Tomato: A Fresh-from-the-Vine Cookbook
Author: Lawrence Davis-Hollander
Publisher: Storey Publishing (2010)
When it comes to produce at it's prime, Summer means one thing and one thing only: tomatoes. It's hard to argue that anything tastes better than a fresh, sun-kissed beefsteak or handful of cherry tomatoes sliced onto toast, tossed with a simple salad or simply fresh off the vine. However, if you have ever grown tomato plants yourself, you know the inevitable glut that comes near the middle of August when you just can't think of another way to use them. Meeting this need for late-season (or any time) inspiration is Lawrence Davis-Hollander, founder of the Eastern Native Seed Conservancy and Director of Horticulture at the Berkshire Botanical Gardens, with his latest book Tomato: A Fresh-from-the-Vine Cookbook.
Tomato is packed with 150 recipes from all over the globe, including those from famous chefs like Massimo Capra (of Toronto's Mistura), Daniel Boulud and Rick Bayless. Every course is incorporated into the pages - sauces & salsas, starters, soups, salads, pizzas & sandwiches, vegetable mains, meat and fish mains, sides and even desserts like the strangely appetizing Candied-Tomato Tart with Five-Spiced Hazelnut Crust (p. 220). Davis-Hollander even includes a critical chapter of preserves (p. 227), with information on freezing, drying, juicing, pickling, canning and even confiting your harvest for the long winter ahead. Ideas for using your preserved (or storebought canned) tomatoes are also entwined with the book's recipe collection, from a Sun-Dried Tomato and Olive Bread (p. 132) (which coincidentally goes wonderfully with the Green Tomatoes on Toast on the next page) to canned diced tomatoes in Tomato, Lentil and Almond Soup (p. 86) and the juice (of course) in the Bloody Bull (p. 65) and Spicy Tomato Cocktail (p. 66). A guide to saving tomato seeds to plant next year is also included on page 259.
|Confit Tomatoes (p. 251)
Mouthwatering photography in this book is provided by Sabra Krock - I just wish there was more of it, and incorporated into the flow of the book itself. As a reader I look for photos accompanying the recipes, and while I appreciate the inclusion of photos at all, searching for an example of a stellar-sounding dish in only 8 pages is often a letdown.
The recipes in Tomato themselves are generally nothing short of spectacular - I have made the Confit Tomatoes (p. 251) three times this season, and packed some home-dried cherry tomatoes in olive oil (p. 250) for holiday gift giving. The beginning and end of the season (when the tomatoes in our backyard were not quite at their peak ripeness) saw impromptu half- and quarter-batches of the Roasted Heirloom Tomato Sauce (p. 20), which capitalized on the available sugars in the fruit but was too sweet for our palates. Luckily, modifying the acidity and salt is a simple technique for any cook, and when the basic recipe is as foolproof as this Market Kitchen offering I even ventured to roast the onions and garlic as well. This modification proved to be a great boon to the outcome, adding a slightly bitter edge to the candy-sweet tomatoes, and a kiss of lemon juice with a dash of salt rounded out the flavours.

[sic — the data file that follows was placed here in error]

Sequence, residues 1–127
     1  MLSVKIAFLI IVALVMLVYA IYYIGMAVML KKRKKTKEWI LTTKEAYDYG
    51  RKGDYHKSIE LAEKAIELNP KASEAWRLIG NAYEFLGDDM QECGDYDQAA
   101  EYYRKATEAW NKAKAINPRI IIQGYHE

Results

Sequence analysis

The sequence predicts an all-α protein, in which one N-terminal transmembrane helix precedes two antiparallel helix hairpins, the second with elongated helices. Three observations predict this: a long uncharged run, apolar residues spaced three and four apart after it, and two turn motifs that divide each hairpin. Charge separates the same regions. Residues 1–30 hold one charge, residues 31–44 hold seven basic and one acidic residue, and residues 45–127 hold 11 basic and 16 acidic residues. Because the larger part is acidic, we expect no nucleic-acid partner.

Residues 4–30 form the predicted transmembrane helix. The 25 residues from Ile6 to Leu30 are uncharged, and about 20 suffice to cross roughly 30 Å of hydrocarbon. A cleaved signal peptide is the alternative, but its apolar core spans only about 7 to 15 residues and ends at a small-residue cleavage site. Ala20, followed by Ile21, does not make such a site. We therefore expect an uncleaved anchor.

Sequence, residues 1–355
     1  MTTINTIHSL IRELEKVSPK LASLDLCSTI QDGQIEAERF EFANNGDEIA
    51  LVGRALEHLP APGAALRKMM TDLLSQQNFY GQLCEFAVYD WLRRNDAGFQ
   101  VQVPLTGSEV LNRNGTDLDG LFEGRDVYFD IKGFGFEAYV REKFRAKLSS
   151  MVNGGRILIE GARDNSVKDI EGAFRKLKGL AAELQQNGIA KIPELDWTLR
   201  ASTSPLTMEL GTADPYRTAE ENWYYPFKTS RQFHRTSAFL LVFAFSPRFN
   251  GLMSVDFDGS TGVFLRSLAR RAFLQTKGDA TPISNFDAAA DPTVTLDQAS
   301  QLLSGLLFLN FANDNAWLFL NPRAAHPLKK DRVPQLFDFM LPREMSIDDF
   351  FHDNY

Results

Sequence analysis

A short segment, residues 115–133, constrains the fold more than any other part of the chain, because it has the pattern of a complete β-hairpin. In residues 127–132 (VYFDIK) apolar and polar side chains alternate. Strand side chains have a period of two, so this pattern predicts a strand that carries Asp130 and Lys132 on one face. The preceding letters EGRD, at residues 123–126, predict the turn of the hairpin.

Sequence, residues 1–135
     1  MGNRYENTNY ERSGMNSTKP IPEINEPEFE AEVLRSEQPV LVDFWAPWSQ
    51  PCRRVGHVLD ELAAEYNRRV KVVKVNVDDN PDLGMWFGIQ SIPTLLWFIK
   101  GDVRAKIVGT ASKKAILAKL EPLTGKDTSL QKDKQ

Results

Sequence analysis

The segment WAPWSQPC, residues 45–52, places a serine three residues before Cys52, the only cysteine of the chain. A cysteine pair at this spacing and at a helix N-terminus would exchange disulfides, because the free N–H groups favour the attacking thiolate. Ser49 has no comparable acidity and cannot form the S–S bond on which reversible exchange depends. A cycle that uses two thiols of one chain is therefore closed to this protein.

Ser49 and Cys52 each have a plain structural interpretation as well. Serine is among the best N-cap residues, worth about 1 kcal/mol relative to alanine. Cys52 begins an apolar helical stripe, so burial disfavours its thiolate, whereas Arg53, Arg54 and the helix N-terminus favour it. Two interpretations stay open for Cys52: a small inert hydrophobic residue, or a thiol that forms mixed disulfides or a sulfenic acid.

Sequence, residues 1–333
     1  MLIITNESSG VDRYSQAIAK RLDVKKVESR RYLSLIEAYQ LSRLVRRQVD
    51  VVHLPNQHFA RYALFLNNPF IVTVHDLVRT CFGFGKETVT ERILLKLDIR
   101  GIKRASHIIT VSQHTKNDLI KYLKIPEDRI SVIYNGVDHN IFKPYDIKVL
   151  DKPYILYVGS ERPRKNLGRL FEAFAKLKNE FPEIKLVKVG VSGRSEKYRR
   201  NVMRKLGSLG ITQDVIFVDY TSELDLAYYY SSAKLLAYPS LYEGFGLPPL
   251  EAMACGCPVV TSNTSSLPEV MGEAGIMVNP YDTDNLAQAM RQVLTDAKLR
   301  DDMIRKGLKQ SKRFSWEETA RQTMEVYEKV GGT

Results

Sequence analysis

|Roasted Heirloom Tomato Sauce (p. 20)
For those less inclined to fire up the oven or stove who enjoy absorbing a wealth of food knowledge, Tomato is also filled with information on the crop's heirloom varieties (p. 253, as well as throughout), growing in containers (p. 7), choosing the best variety for the recipe (p. 9) and even the economics of the food and it's associated products. I loved reading the article "America's Love Affair with Tomatoes" (p. 69), where I learned that almost 22 pounds of fresh (and 72 pounds of processed) tomatoes are consumed per capita in the USA, but that China, not a western country, is the largest producer of them! For the truly tomato-crazy, Davis-Hollander shares some of the festivals around the USA, and for those interested in the chefs behind some of Tomato's recipes, biographies are included near their offerings. "Top 10" lists of various foodie's favourite varieties also lace the book, which is a great resource when selecting a cultivar to plant or buy.
While the season in the northern hemisphere may be drawing to a close, the treats and information in Lawrence Davis-Hollander's book are timeless. Whether you are looking for a use-up for an over-productive garden, trying to jazz up a can from the store or searching for ideas as to what next year's crop will be, you'll find something of use. For tomato lovers (and those who cook for them) Tomato: A Fresh-from-the-Vine Cookbook is an easy to savour addition to the culinary library.